“And our offense…broke somewhere along the lines. And so of course there’s gonna to be a thorough examination and of course we’re gonna spend all our energy trying to fix it and fixing it.”
How exactly they go about course-correcting is going to be the front office’s primary task this winter. More than just how they attack free agency, they’re going to need to assess the players who are currently on the roster.
“It has to be more about production than talent going forward,” Epstein admitted. “And beyond that, it’s also trying to understand why we’re not where we should be with some individual players.
“It’s our job not just to assemble a talented group, but to unearth that talent and have it manifest on the field. Are we doing everything we can in creating the right situation to get the most out of these guys?”
It’s also a matter of the players having a sense of urgency from the get-go. Epstein acknowledged the humanity of his players, noting that no one can be perfectly on point every single day. At the same time, though, they were able to maintain that constant drive throughout the 2016 season.
This most recent campaign saw the Cubs punching cruise control and chilling in the right lane of the interstate. And when it came time to put their foot to the gas to get around that big rig, it seemed as though they were missing a spark plug.
“I think that if we’re being totally honest, and this is a theme that’s come up a little bit with some of the players as we talked to them and that we felt through the course of the year, there was a lot to grind through,” Epstein said. “And there was a lot to be proud of.”
“But we could have done more from Day 1 through 162 as far as a complete sense of urgency every day. Being completely on mission every day. Showing up with that assertiveness and that edge every day to win.
“Sometimes divisions aren’t lost on that last day of the season when you only score one run or you don’t get it in. Or they’re not lost in that last week and a half when the other team goes 8-0 and you went 4-3, you needed to go 5-2.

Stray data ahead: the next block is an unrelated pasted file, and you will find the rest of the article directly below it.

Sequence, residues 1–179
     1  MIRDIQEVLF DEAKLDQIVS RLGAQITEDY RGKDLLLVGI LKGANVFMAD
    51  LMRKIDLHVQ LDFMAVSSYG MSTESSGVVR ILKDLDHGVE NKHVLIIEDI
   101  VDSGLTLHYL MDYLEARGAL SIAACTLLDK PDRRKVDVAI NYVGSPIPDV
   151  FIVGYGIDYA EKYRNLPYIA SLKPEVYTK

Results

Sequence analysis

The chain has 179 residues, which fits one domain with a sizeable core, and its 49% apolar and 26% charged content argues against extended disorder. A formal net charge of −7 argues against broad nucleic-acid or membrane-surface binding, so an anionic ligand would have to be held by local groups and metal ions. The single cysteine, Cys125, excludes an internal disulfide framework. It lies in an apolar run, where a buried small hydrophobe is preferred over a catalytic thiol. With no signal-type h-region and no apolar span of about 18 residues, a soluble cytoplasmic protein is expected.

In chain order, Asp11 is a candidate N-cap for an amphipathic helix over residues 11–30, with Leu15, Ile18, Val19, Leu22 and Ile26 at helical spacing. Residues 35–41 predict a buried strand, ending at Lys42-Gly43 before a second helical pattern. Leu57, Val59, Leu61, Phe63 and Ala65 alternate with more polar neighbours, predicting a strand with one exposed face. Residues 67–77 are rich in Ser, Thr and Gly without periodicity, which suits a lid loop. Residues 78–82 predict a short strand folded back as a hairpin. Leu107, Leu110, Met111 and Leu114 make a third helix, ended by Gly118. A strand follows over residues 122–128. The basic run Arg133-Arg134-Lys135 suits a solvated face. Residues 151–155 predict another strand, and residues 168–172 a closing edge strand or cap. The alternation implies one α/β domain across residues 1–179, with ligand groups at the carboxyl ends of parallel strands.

“Sometimes they’re lost early in the season when you have an opportunity to push for that sweep, but you’ve already won two out of three and you’re just not quite there with that killer instinct as a team.”
Getting back to that, finding that edge and drive, is imperative when it comes to avoiding a fate similar to the one they just suffered. To paraphrase Jon Lester after Tuesday’s game, perhaps getting their dicks knocked in the dirt will end up being a good thing.
“Maybe that feeling in the clubhouse last night, which was a whole lot of pissed off, and disappointed, and frustrated will be our rallying cry for next year,” Epstein offered.
Another potential blessing in disguise is the extended offseason, something the Cubs now have for the first time since 2014. Not that they want the extra rest, mind you, but it’ll give a beleaguered group that much more time to lick their wounds while also stewing a bit over they fact that they’re having to watch the playoffs rather than participating in them.
This break offers time to relax and to gear up, to retool the roster and rekindle the spark that may have guttered at times this past season. But when all is said and done, it’s the core group of players who are going to have to come together again to push the Cubs forward. And that’s exactly what Epstein is counting on.
“I would never bet against the heart of this team.”